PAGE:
Kiss the Cook

Couples running restaurants put the passion in foodservice.

Marriage is a recipe combining equal parts love, honor and respect, mixed with dashes of humor, dedication and patience. All delicately poured into a home and baked with personal pursuits, dreams and ambitions.

As we look into the lives of married restaurant owners, we find that love for one another comes first; restaurant dedication second. These couples are proof that business success can be achieved using a variety of recipes.

Appetizer: Business Building

Managing a restaurant like a corporation is a natural approach for Kerry and Rick Gasman, owners of Johnathan’s Bistro.

Six months ago, the couple reopened the upscale restaurant in Appleton’s Trasino Park Development (north of the Fox River Mall) and, in doing so, spared no detail. Its rich remodeled interior is complete with luxurious fireplace and a full-service open-air bar.

Although their staff handles day-to-day management, the business is not entirely hands-off from a family perspective. Their college-aged daughter tends bar two shifts a week; Kerry’s father is a handyman who enjoys managing restaurant maintenance; and extended family members have contributed to the restaurant’s decor.

With a highly-regarded chef behind the scenes and a general manager in the front of the house, the couple can dedicate time to managing business issues, such as food and beverage sourcing and buying, and marketing and advertising.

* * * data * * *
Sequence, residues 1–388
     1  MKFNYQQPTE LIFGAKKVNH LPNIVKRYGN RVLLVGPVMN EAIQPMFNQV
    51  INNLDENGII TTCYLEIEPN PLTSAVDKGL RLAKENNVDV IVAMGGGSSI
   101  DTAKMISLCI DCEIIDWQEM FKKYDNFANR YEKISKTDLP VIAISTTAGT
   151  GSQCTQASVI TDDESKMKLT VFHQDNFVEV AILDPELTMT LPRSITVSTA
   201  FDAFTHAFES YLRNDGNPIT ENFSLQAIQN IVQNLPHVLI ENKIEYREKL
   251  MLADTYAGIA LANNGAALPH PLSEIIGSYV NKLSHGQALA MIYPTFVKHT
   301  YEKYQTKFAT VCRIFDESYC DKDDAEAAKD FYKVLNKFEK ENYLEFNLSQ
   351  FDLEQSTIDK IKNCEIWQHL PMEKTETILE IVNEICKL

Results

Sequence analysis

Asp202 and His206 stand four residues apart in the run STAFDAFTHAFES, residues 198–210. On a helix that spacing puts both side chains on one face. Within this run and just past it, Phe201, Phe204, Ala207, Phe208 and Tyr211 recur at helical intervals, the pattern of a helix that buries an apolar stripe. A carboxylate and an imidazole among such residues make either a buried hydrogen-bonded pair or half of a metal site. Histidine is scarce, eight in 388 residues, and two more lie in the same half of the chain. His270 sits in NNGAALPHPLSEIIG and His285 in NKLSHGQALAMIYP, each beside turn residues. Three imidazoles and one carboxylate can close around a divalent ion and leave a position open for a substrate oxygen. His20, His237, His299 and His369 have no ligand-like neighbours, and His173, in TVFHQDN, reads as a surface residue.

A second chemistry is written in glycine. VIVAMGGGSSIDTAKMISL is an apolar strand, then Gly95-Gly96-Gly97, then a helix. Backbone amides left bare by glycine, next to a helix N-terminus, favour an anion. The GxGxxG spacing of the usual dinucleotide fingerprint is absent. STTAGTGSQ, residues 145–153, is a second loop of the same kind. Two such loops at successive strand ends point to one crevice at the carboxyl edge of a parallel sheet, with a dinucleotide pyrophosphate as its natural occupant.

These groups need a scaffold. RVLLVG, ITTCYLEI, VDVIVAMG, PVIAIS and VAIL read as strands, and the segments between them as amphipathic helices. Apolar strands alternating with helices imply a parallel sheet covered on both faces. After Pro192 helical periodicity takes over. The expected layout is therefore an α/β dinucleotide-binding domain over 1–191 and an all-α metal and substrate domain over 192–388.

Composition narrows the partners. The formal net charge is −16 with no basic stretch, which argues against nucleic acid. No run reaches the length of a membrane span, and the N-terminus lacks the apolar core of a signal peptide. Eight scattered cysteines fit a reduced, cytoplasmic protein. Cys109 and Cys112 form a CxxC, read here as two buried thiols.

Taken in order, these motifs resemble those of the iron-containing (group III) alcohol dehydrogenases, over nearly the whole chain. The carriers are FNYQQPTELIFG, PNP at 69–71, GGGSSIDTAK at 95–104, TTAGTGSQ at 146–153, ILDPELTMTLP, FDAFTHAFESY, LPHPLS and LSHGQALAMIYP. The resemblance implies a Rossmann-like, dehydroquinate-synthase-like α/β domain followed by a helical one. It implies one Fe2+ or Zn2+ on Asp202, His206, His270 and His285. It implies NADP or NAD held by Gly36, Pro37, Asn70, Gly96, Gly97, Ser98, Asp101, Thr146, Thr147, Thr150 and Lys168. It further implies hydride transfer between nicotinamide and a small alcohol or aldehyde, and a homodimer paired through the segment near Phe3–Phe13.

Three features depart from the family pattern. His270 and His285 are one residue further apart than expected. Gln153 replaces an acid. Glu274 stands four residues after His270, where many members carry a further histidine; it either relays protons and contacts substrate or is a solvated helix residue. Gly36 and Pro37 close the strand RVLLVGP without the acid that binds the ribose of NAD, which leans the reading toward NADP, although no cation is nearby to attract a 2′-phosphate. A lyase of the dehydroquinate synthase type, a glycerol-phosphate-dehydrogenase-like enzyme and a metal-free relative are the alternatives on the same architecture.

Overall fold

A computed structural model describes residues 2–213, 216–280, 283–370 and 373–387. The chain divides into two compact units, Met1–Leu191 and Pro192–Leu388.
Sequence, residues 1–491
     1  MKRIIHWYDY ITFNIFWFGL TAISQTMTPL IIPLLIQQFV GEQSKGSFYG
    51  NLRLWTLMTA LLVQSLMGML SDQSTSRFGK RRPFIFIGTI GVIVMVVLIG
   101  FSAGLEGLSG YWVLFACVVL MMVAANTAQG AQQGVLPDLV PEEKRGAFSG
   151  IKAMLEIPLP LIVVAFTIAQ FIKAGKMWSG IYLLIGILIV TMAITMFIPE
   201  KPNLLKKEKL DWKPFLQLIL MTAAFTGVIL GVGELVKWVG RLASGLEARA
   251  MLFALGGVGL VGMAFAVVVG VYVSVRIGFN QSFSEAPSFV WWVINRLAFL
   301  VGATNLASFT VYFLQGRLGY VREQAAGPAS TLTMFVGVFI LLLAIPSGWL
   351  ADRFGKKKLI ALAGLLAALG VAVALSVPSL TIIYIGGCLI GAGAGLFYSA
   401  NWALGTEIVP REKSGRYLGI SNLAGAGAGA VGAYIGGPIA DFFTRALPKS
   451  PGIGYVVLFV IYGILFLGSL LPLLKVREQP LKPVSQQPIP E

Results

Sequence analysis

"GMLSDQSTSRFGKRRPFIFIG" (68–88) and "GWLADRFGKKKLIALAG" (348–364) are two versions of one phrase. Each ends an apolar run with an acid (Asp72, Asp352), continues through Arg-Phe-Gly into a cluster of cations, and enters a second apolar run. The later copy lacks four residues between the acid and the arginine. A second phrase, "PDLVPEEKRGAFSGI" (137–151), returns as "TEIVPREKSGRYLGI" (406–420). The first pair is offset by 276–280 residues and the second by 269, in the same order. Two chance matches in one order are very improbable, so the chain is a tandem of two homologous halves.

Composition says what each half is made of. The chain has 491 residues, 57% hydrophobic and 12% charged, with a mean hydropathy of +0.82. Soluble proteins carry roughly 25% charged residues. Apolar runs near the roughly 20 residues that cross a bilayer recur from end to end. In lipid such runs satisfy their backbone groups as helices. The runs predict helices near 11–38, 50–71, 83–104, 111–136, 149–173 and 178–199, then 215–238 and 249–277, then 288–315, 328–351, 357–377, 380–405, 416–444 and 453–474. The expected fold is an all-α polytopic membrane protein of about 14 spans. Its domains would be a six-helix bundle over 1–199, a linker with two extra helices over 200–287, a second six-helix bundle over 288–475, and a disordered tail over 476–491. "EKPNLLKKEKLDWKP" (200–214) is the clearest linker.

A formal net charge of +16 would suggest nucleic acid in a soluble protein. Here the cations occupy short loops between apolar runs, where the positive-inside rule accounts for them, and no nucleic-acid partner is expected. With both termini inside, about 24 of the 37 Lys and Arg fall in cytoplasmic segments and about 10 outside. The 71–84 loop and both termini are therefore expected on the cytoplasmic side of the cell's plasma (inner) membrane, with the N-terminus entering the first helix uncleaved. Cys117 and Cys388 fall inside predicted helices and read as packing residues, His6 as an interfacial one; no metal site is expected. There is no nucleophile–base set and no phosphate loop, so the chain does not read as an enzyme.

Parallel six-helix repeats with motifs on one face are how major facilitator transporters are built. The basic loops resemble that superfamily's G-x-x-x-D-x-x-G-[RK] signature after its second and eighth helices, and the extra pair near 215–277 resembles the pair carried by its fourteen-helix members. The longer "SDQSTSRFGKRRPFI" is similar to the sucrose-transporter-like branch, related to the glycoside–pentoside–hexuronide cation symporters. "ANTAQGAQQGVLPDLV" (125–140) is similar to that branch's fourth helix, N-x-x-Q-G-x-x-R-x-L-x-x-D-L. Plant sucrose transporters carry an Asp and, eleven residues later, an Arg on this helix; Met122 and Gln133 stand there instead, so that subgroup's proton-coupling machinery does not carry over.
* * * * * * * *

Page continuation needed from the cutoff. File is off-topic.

The Gasmans also co-own Happy Joe’s Pizza, the popular pizzeria and arcade in north Appleton, with Frank and Terri Hanold.

“We didn’t know anything about running a restaurant until we franchised Happy Joe’s,” Rick says. They attribute their gained knowledge to a good relationship with the Hanolds, who also own the Happy Joe’s in Green Bay.

Keeping a thumb on the pulse of a restaurant involves tracking what’s happening on the floor each day including forming relationships with staff, clients and vendors.

The couple isn’t afraid to seek advice and assistance from fellow restaurateurs. “We’re not afraid to call and bounce ideas off of [The] Seasons,” Kerry says.

Married for 16 years but together for longer, the Gasmans can vividly recount defining moments in their personal development through previous careers, including a team building experience involving a 10-day boat trip, which taught them both the value of respect. It wasn’t until Kerry’s favorite restaurant, Johnathan’s Bistro, closed that the two desired an epicurean adventure.

Now running two restaurants together, the pair admits to having moments of stubbornness but spending time resolving issues has never resulted in a decision they didn’t agree on. “If he has had a bad day, I have a bad day. It’s that simple,” Kerry says.